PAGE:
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Combined Effects of Force and Vibration on the Human Hand

  • Full or part time
  • Application Deadline
    Monday, April 01, 2019
  • Competition Funded PhD Project (UK Students Only)
    Competition Funded PhD Project (UK Students Only)

Project Description

Vibration of the hand due to poor design or use of power tools can lead to long term damage to health, and has become the most compensated-for industrial disease. We are seeking an enthusiastic PhD student who will join a team studying the combined effects of force and vibration on the human hand. The project is designed to investigate how force influences the physiology responses in the fingers to hand-transmitted vibration. Hand-transmitted vibration reduces finger blood flow (vasoconstriction in fingers) with the extent of the reduction determined by the excitation of one of the mechanoreceptors that gives rise to feeling vibration (the Pacinian channel). Biodynamic research has shown that force affects the apparent mass of the hand and the power absorbed in the hand. Physiological studies have shown that the application of force to a finger or hand reduces finger blood flow and that with greater force there is greater reduction in blood flow.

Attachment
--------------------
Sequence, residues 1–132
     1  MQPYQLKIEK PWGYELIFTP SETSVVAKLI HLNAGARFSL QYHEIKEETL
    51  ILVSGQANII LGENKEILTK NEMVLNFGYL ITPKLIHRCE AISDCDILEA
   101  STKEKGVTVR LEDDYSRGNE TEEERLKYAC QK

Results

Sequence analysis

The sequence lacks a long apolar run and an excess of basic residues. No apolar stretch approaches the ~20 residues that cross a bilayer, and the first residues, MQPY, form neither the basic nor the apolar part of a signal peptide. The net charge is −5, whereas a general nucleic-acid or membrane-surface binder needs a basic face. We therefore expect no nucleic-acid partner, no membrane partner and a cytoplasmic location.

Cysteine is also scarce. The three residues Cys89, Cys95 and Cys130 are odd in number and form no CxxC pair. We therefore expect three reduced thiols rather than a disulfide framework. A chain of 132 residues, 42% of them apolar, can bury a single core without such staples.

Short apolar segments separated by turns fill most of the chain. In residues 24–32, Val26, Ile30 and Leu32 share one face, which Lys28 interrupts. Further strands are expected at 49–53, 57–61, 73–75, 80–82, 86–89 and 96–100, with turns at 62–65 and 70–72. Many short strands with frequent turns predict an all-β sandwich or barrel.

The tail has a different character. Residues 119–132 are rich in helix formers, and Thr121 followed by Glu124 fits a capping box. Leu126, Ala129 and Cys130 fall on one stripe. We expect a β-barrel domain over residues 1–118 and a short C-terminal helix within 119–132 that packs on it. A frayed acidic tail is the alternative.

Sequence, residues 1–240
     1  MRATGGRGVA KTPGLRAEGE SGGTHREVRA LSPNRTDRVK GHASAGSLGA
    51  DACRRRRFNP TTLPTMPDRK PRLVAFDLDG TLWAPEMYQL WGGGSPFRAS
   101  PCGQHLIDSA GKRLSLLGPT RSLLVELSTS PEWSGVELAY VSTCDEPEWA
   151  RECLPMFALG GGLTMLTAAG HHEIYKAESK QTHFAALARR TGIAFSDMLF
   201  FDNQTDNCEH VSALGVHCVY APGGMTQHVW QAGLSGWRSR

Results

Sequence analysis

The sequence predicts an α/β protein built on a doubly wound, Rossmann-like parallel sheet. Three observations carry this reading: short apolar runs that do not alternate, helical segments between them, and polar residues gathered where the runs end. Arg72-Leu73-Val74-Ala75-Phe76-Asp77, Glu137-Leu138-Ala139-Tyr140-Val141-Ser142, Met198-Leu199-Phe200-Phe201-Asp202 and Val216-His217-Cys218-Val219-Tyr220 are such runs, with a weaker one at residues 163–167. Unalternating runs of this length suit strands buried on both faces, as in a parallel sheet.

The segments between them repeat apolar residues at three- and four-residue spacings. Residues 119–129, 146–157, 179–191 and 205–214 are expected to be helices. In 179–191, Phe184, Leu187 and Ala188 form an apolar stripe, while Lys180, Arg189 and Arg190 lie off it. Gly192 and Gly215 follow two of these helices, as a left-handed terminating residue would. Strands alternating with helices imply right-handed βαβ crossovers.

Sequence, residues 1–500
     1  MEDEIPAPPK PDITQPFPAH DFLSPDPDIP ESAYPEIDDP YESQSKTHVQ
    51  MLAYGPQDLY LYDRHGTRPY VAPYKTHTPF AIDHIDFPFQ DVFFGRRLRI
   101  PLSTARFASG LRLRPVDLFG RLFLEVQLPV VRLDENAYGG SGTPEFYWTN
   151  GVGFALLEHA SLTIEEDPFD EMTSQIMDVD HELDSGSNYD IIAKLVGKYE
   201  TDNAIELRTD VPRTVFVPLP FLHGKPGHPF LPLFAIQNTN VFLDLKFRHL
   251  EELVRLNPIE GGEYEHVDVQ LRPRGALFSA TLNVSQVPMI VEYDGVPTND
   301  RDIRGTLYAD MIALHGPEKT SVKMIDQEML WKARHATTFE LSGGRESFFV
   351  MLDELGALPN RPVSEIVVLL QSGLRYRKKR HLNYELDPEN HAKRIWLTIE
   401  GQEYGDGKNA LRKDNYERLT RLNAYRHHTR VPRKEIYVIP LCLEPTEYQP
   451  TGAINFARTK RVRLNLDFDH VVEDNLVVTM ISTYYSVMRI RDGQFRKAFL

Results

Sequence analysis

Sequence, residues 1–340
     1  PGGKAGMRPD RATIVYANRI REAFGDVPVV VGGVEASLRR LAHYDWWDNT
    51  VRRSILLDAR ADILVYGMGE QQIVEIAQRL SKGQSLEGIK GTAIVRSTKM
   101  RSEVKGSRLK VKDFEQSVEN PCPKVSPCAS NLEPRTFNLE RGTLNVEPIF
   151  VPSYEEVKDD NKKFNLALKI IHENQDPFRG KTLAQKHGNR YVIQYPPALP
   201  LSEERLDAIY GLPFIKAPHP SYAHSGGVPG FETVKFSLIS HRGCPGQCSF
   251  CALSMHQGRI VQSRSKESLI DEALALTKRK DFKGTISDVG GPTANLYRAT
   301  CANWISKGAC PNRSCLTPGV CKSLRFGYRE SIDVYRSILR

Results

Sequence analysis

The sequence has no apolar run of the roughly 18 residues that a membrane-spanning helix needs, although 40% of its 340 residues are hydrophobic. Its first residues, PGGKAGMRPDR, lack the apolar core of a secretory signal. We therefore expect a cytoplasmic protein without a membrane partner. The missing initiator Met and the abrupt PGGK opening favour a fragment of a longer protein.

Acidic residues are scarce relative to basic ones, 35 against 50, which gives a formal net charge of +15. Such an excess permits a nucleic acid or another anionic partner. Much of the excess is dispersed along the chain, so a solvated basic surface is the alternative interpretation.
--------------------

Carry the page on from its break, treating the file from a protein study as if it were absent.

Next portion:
This research project will involve laboratory experiments using physiological and psychophysical methods, and will build a biodynamic model of hand-arm system to predict the effect of force and vibration. The outcomes of the research will be presented at national and international conferences and workshops and is expected to impact on the future design of hand tools and regulations to protect workers.

The successful candidate will work within the Human Factors Research Unit (HFRU) in the ISVR, which has highly motivated, first class research students working in the area of human responses to vibration in world-leading research facilities. See https://www.southampton.ac.uk/HFRU for further details of research activities within the HFRU.

This studentship is available to candidates with the equivalent of a first class or upper-second class degree in a related discipline (engineering, physics, or physiology), having an interest in physiological phenomena and/or biomedical engineering, statistics, and appropriate mathematical skills.

If you wish to discuss any details of the project informally, please contact Dr Ying Ye, Human Factors Research Unit, ISVR, Email: , Tel: +44 (0) 23 8059 4962.

Funding Notes

This studentship covers UK tuition fees and provides an annual tax-free stipend at the standard EPSRC rate, which is £14,777 for 2018/19.

Applicants must be UK residents with no restrictions on how long they can stay in the UK and have lived here for at least 3 years prior to the start of the studentship. This residence cannot be mainly for the purpose of receiving full-time education.

The funding is competitive and the strength of the whole application is taken into account, including academic qualifications, personal statement, CV and references. For further guidance on funding, please contact

How good is research at University of Southampton in General Engineering?

FTE Category A staff submitted: 192.23

Research output data provided by the Research Excellence Framework (REF)

Click here to see the results for all UK universities

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